·                the AIRC is not satisfied that the application is frivolous, vexatious or lacking in substance:

the AIRC must refuse the motion for dismissal.

Item 171 - Schedule 1, item 115, page 357 (line 33)

307.     This item is consequential upon item 170 and would amend proposed subsection 170CEB(2), to provide that the AIRC need not conduct a hearing in relation to the making of an order under proposed subsection 170CEB(1A).

Item 172 - Schedule 1, item 115, page 358 (lines 19 to 20)

308.     This item is consequential upon items 167 and 170.  It would amend proposed paragraph 170CED(1)(a) by omitting the words ‘or 170CEB(1)’ and replacing them with ‘or (5A) or 170CEB(1) or (1A)’.  The effect of this amendment is that the provisions of section 170CED for dealing with papers ‘on the papers’ will apply to the making of orders either upholding or refusing a motion to dismiss an application on the ground referred to in subsections 170CEA(5) and 170CEB(1).

Item 173 - Schedule 1, item 115, page 359 (lines 25 to 26)

309.     This item would provide that the AIRC may deal with certain matters ‘on the papers’ before conducting a hearing relating to the ‘genuine operational reasons’ exclusion.

310.     This item would amend proposed subsection 170CEE(1), by providing that the AIRC must hold a hearing to deal with the ‘genuine operational reasons’ exclusion before taking any further action in relation to an unfair dismissal application, except for considering a motion to dismiss an application ‘on the papers’ under proposed section 170CEA, 170CEB, 170CEC or 170CED.

311.     The effect of this amendment is that the AIRC may consider a motion to dismiss an unfair dismissal application ‘on the papers’ (if the motion to dismiss is on the grounds referred to in subsection 170CEA(5) or section 170CEB), or consider an application for extension of time ‘on the papers’ (section 170CEC) before dealing with the ‘genuine operational reasons’ exclusion, but it may not take any other action (such as conducting a conciliation or an arbitration) before dealing with the ‘genuine operational reasons’ by conducting a hearing and making an appropriate order under subsection 170CEE(2).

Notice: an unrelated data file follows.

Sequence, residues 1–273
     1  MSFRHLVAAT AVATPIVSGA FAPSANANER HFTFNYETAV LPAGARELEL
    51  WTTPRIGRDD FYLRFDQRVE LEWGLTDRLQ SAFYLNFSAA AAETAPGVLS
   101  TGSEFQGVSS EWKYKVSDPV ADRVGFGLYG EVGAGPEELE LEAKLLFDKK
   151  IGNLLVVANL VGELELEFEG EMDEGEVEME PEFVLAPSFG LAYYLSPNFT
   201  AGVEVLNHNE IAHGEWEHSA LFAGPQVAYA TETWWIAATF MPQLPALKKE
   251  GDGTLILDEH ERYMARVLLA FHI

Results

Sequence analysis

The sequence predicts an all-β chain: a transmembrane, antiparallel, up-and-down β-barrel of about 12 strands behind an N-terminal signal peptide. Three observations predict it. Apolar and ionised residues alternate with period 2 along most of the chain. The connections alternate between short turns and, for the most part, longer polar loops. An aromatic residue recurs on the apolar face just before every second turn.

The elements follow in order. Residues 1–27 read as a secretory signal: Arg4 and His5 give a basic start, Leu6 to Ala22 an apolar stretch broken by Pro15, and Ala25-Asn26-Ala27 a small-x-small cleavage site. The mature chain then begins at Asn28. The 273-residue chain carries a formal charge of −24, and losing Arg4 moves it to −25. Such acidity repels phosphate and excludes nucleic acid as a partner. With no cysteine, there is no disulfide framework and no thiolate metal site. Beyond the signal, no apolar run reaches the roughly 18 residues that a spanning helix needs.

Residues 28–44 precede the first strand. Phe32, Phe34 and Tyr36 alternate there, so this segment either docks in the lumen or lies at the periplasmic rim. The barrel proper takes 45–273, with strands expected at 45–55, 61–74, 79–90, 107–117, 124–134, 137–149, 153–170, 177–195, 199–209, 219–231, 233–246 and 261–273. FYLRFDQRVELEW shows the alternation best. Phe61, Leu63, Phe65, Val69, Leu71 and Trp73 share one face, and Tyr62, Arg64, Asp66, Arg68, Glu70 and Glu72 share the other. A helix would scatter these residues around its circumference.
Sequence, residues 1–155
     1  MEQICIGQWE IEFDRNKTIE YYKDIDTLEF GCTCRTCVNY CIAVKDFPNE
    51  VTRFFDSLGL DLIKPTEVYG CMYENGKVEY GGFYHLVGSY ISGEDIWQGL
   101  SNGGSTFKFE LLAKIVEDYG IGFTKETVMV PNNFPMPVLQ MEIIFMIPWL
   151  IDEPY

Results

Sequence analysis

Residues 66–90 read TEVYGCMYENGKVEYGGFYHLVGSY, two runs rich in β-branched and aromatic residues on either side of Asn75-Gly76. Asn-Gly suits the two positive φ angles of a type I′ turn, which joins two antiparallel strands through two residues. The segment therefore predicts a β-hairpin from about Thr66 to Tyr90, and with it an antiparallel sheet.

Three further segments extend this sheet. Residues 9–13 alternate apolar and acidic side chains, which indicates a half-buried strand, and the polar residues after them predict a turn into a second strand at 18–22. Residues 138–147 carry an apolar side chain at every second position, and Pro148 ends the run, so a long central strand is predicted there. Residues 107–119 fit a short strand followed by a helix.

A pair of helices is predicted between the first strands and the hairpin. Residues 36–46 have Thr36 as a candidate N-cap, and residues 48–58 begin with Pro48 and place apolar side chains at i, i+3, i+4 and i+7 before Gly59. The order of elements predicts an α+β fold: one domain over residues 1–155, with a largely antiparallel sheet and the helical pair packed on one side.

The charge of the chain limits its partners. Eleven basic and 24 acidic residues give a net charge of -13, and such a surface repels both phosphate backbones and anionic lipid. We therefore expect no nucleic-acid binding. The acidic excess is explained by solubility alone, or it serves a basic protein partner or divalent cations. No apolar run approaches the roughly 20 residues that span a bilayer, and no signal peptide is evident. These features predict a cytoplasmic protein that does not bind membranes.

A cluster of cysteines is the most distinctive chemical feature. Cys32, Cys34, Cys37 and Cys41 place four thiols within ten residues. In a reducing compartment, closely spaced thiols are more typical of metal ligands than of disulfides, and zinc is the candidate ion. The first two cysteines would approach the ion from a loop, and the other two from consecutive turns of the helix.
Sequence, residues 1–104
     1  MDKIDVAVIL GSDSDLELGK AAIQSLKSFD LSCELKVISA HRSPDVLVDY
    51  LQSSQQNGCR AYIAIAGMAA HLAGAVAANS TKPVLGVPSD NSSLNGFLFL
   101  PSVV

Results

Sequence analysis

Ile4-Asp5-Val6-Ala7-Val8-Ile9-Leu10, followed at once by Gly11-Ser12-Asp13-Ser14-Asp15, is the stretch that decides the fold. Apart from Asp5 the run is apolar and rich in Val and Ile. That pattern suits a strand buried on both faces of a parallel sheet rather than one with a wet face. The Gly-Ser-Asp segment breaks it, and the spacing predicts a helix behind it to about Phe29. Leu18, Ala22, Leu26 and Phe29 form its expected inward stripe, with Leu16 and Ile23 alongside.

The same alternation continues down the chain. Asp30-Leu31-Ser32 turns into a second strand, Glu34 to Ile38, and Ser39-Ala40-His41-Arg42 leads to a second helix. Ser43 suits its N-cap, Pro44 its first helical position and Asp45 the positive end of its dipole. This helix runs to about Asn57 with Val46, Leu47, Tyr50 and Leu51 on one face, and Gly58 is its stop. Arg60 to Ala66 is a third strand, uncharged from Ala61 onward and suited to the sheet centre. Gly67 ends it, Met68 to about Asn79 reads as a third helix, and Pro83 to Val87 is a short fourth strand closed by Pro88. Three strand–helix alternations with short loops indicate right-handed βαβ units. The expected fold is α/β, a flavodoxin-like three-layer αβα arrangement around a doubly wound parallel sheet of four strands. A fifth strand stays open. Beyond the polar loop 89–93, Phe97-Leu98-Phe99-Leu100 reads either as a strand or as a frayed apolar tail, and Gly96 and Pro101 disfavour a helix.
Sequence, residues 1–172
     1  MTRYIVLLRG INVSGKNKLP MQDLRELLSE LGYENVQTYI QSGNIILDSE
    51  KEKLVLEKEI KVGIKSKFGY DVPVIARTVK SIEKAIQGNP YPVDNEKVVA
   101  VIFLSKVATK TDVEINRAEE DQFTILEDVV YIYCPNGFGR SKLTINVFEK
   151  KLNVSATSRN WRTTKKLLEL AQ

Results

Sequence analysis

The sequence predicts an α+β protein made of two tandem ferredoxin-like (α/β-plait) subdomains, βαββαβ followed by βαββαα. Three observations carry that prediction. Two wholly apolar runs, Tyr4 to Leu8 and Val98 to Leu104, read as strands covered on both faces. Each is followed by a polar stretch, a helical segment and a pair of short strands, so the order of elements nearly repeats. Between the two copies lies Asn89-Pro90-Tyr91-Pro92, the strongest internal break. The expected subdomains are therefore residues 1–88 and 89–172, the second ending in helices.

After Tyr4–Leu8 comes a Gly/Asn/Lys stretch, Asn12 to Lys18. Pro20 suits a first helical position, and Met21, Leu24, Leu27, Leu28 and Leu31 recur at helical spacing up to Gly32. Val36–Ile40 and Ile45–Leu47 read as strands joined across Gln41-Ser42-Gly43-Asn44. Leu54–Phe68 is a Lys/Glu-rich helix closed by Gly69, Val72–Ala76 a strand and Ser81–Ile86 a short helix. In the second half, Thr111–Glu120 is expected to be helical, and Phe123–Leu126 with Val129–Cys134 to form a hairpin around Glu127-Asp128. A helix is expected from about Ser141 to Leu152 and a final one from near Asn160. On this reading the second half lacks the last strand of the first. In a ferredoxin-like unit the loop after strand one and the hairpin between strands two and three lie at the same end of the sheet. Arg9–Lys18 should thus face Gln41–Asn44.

Item 174 - Schedule 1, item 115, page 359 (lines 30 to 31)

312.     This amendment is a minor technical correction to ensure that the language of proposed section 170CEE is consistent with the language of proposed section 170CEB.

Item 175 - Schedule 1, item 115, page 359 (lines 32 to 33)

313.     This amendment is a minor technical correction to ensure that the language of proposed section 170CEE is consistent with the language of proposed section 170CEB.

Item 176 - Schedule 1, item 115, page 360 (after line 2)

314.     This item is consequential upon item 173.  Proposed subsection 170CEE(3A) would provide that section 170CEE does not require the AIRC to hold a hearing, regarding the ‘genuine operational reasons’ exclusion, in relation to an unfair dismissal application that the AIRC has dismissed under subsection 170CEA(5) (various jurisdictional grounds) or 170CEB(1) (frivolous, vexatious or lacking in substance).

Item 177 - Schedule 1, page 360 (after line 11)

315.     This item would replace proposed paragraph 170CFA(6)(b), adjusting the time limit for the filing of a notice to proceed to arbitration or to bring court proceedings, where the employee’s application alleges a breach of section 170CK.

316.     Proposed paragraph 170CFA(6)(b) would provide that, where a termination of employment application to the AIRC includes an allegation of a breach of section 170CK, the employee will have 28 days to file a notice to proceed to arbitration or to bring court proceedings.  This 28 day time limit will be subject to extension by the AIRC - see proposed subsection 170CFA(8A) (item 178).  The 28 day time limit would apply to all elements of applications where:

·                the application’s only ground is an alleged contravention of section 170CK;

·                the application alleges a contravention of section 170CK and one or more other ‘unlawful termination’ provisions (contravention of section 170CL and/or 170CM);

·                the application alleges a contravention of section 170CK and that the termination of employment was harsh, unjust or unreasonable (unfair dismissal); or

·                the application alleges a contravention of section 170CK, and one or more other ‘unlawful termination’ provisions, and alleges that the termination of employment was harsh, unjust or unreasonable.

317.     Where a termination of employment application does not include an allegation of a breach of section 170CK, the employee will have 7 days to file a notice to proceed to arbitration or to bring court proceedings.  This 7 day time limit will not be subject to extension by the AIRC - see proposed subsection 170CFA(8) (item 178).